Lorde, America’s best-known New Zealand singer-songwriter for his hit “Royals”, incorporates a more sustainable approach into the release of his upcoming third studio album.
Entitled “Solar Power”, after Lorde’s eponymous new single, the album will not be released on CD, but will instead be offered in a biodegradable “Music Box” with handwritten notes, photos and a download card. The latter will allow fans to access the entire 12-track album online, as well as other surprises to discover.
“I actually think what’s even cooler about this product is that it talks about the nature of the modern album as a changing thing,” she wrote. in an email exchange with Billboard. “When you buy the Music Box, you get access to all kinds of cool stuff during the album cycle – stuff like exclusive merchandise designs, additional mailing list updates, bonus tracks, behind the scenes photos and more. And due to the digital nature, I can add to the album world all the time, without anyone having to go back to a store.
While Lorde has announced that she will eventually release an LP of “Solar Power”, she believes the collectable nature of the product will limit its throwaway impact compared to a less coveted CD tucked away in plastic and cling film.
Find inspiration on tour
Lorde says the inspiration for making her new release greener came from the experience of waste and imprint of her latest album cycle and international tour.
“I’m a pop star, and I drive this huge machine that takes resources and spits out shows – I’m not kidding myself about that,” she added. “But in my personal life, of course, I started to tune in to different things. Coming out of the tour, I was like, “I just saw so much food wasted, everywhere we went people were wasting food.” And I made this personal, private commitment to never waste food, and [now] I really don’t have any, I have a compost and I eat whatever I buy.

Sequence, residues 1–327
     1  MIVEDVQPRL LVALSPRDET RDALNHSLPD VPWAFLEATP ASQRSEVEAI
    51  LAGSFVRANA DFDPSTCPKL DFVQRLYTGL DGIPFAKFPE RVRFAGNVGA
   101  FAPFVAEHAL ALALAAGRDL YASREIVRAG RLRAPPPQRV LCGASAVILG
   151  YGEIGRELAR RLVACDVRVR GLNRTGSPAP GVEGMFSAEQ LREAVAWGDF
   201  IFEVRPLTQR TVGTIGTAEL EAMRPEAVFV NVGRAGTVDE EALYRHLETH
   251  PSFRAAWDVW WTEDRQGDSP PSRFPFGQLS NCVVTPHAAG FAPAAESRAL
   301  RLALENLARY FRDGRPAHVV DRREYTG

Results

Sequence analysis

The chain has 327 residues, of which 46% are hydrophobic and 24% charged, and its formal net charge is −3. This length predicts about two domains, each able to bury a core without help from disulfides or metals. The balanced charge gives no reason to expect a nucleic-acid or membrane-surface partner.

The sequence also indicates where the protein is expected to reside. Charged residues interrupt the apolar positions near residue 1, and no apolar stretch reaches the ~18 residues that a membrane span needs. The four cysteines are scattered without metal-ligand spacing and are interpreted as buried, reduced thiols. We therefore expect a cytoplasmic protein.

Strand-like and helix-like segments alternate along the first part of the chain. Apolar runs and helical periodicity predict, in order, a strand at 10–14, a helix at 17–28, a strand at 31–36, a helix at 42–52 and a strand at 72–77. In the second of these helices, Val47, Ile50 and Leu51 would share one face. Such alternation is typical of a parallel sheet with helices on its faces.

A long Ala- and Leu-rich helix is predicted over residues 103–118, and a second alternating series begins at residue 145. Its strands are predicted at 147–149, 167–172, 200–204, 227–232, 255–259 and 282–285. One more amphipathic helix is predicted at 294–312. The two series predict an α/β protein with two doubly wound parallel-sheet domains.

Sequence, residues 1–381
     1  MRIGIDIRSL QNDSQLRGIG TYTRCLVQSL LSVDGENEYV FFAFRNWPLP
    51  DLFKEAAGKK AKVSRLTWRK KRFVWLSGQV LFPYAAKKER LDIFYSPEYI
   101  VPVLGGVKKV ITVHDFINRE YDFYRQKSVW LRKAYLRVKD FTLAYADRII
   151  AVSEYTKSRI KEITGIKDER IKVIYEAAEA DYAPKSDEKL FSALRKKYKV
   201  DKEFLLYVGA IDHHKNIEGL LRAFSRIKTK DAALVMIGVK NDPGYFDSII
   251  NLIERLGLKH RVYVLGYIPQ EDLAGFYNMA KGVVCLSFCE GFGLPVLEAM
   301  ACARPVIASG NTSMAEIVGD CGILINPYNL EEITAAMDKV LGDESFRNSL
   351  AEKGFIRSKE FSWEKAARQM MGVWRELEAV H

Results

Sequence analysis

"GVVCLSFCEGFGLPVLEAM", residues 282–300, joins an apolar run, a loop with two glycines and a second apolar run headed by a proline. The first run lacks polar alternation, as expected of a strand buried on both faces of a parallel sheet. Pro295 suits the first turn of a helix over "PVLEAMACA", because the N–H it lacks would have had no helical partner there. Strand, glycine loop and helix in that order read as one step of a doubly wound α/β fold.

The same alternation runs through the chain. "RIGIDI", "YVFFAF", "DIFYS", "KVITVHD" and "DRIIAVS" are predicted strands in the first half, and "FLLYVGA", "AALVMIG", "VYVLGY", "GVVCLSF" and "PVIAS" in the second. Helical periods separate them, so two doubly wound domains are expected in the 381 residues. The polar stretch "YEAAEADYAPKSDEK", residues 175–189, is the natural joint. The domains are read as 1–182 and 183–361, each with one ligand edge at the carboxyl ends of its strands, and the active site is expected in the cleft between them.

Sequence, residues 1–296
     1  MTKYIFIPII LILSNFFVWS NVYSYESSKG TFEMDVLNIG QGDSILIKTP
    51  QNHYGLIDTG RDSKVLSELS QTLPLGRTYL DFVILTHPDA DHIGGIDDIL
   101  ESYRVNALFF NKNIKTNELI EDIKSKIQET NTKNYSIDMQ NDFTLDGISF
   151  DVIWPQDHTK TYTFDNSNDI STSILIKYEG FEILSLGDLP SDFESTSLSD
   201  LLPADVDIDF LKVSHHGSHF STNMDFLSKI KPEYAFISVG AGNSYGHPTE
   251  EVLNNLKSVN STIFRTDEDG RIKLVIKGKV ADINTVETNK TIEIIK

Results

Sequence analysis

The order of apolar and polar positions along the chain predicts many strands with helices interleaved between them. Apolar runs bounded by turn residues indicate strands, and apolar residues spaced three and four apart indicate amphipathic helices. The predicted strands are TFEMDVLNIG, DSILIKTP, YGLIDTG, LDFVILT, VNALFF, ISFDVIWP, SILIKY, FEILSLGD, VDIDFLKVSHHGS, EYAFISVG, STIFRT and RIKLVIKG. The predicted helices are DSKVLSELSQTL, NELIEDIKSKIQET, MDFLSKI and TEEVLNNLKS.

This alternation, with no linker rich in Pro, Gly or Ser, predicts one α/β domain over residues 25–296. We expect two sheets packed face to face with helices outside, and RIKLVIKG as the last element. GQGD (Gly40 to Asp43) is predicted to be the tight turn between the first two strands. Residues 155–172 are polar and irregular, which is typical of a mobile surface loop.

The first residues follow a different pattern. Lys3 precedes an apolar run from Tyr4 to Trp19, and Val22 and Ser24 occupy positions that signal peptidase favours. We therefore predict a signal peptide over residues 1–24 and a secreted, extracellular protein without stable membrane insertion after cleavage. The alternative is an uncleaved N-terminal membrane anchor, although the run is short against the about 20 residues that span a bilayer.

His first task was to study the supply of goods sold at his concerts. To reduce waste and promote more ethical production, Lorde has partnered with Everyone.World. The sustainable clothing brand creates clothes using only 100% recycled cotton without “exploiting the planet or the people”. In a tweet to fans last weekLorde says his merchandise will cost more at concerts, but the price increase reflects his new commitment to reducing the environmental impact of his music.
“These pieces are made from 100% recycled cotton grown in the United States. Some are even made from recovered manufacturing waste, ”she wrote. “Waste recovery consumes less energy and water. Your clothing is a little better for the planet than most “new” items, and that’s why you pay extra. ”
Citing inspiration from other artists who have made strides in promoting sustainability in musical tours, particularly Coldplay, who recently resumed touring after partnership with BMW on all-electric transport– Lorde says there is still a lot to be done to reduce its impact on the climate. For now, she admits that she’s just trying to do her best while navigating the world of being an international music icon.
“The album is a celebration of the natural world, an attempt to immortalize the deep and transcendent feelings I experience when I’m on the outside,” she said in a statement. “In times of grief, sorrow, deep love, or confusion, I look to the natural world for answers. I have learned to breathe out and tune in. That’s what happens. ‘has passed.